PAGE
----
Chicken and dumplings – the great controversy. Are the dumplings supposed to be rolled or dropped?
Well, I think this is based on where you were raised, honestly. Funny enough, my family is from Ohio/Kentucky/Tennessee/Georgia and we are in the dropped camp. I’m sure this generated from the Ohio (Cincinnati to be precise) group originally – so that probably explains the dropped dumplings. In the true South, dumplings are typically rolled out, cut into strips or squares and then places in the boiling broth (think Cracker Barrel).
Funny enough, my niece and nephew refer to these as poof poofs. Why? Well, in their world, dumplings are neither dropped nor rolled. Dumplings are fillings wrapped in pieces of thin dough that are either steamed or pan-fried – well, they are half Chinese after all. As Maggie puts it, “they look like poofs, so they should be named that.” The brilliance of a teenager.
My grandmother originated this recipe (best I can remember) and my mother tweaked it over the years. The beauty of this dish, is the simplicity and how this is a great weeknight dinner. I know you are wondering how this is possible. It’s a lengthy process…right? Nope! Go to the store, buy a rotisserie chicken, bag of frozen veggies and you may have the rest in your pantry. Okay, maybe not, but the rest of the ingredients are easy to keep on hand for the future.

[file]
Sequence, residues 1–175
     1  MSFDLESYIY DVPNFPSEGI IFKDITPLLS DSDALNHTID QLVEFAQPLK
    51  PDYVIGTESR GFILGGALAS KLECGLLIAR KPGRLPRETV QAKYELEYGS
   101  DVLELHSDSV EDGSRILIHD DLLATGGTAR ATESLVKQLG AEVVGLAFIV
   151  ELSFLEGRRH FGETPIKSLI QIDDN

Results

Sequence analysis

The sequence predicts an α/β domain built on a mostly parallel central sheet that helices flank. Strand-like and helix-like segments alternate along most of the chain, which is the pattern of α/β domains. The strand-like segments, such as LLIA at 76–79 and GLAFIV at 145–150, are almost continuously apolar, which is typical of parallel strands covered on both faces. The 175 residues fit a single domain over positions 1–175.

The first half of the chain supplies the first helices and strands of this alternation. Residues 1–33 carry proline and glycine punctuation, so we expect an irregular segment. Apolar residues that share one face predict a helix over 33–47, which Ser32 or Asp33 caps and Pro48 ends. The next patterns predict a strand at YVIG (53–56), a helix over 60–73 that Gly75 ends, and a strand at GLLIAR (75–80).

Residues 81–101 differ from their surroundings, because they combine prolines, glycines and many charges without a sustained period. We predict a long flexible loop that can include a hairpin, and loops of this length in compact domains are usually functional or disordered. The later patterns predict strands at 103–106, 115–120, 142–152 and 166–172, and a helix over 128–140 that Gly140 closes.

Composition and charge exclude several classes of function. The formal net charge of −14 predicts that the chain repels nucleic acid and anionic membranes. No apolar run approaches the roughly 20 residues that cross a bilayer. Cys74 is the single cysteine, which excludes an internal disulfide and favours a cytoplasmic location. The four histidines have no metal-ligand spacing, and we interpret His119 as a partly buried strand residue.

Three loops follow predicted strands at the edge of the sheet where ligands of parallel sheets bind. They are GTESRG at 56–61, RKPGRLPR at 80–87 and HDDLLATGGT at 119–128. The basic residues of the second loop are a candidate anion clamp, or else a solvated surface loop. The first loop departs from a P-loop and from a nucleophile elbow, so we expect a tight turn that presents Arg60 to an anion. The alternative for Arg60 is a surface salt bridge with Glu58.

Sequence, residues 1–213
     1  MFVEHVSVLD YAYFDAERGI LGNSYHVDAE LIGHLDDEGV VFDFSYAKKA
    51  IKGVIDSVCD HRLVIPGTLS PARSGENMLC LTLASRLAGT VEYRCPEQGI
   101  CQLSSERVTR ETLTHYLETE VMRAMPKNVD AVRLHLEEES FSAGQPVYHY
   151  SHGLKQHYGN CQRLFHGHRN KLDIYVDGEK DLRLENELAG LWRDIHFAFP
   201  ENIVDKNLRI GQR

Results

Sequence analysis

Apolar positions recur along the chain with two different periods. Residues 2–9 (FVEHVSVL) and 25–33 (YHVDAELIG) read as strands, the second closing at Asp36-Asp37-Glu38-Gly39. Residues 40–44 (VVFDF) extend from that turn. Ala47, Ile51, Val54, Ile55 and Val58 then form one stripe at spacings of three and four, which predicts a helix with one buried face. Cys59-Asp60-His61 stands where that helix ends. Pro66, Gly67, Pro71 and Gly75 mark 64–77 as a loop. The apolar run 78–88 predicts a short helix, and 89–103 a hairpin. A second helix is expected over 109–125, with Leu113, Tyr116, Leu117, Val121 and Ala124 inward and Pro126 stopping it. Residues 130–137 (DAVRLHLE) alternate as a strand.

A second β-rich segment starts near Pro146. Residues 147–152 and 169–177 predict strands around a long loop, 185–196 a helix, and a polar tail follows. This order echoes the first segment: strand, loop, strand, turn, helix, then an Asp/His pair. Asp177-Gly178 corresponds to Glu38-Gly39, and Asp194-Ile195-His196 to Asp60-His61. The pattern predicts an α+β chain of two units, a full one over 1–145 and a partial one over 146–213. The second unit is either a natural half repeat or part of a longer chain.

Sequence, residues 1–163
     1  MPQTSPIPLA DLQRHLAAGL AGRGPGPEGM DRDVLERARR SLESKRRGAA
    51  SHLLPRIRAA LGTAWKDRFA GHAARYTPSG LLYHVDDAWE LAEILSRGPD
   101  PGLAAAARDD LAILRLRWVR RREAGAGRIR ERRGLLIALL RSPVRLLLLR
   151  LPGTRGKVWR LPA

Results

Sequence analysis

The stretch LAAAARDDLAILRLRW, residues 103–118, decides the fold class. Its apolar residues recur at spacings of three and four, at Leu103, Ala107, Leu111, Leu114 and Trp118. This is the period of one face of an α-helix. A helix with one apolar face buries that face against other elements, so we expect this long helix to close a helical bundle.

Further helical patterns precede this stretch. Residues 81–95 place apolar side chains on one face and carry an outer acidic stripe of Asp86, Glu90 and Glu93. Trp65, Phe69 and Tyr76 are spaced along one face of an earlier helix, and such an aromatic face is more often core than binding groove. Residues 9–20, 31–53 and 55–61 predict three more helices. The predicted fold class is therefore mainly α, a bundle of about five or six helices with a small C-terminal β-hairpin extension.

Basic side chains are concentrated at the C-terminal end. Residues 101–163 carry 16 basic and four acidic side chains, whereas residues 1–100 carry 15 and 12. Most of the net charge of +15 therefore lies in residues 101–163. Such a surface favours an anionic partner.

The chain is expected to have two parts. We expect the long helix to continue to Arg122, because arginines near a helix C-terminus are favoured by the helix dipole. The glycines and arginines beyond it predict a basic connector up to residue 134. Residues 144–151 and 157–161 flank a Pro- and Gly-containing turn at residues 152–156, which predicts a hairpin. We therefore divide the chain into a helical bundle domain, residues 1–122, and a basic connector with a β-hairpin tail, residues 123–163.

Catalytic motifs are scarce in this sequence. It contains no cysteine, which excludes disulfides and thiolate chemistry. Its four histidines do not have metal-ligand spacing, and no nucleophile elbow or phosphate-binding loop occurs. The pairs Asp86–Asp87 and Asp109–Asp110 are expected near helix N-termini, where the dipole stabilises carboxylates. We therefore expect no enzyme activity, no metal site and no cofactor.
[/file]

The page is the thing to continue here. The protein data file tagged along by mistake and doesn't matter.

The hardest part of this dish is pulling the chicken from the bone. And if you buy good chicken stock, you easily get all day cooked flavor in just 30 minutes. I actually really like Swanson, whether salted, low sodium or unsalted. It tastes the meatiest and least manufactured.
Yields 4 servings
From Eileen Fight Sparks and Nancy Sparks Frank
1 1/2 Cup chicken, cooked, white chopped or shredded
2 Quarts stock, chicken, low-sodium
1 Cup peas, frozen
1 Cup carrots chopped or frozen slices
1 1/2 Cup flour, all-purpose
1 tsp salt
3 1/2 tsp baking powder
3/4 Cups milk, skim
Bring broth to a boil and add chicken and frozen veggies.
For the dumplings:
Mix dry ingredients together. Make a well in center and pour in milk. Slowly incorporate milk into dry ingredients. It will look like wet biscuit dough.
Drop dumplings dough by teaspoon into boiling broth. Once you have covered the surface, use your spoon to drop the remaining dumplings below the fluffy ones on the surface.
Reduce heat so the broth is above a simmer at a low boil. Cover and stew about 12 to 15 minutes.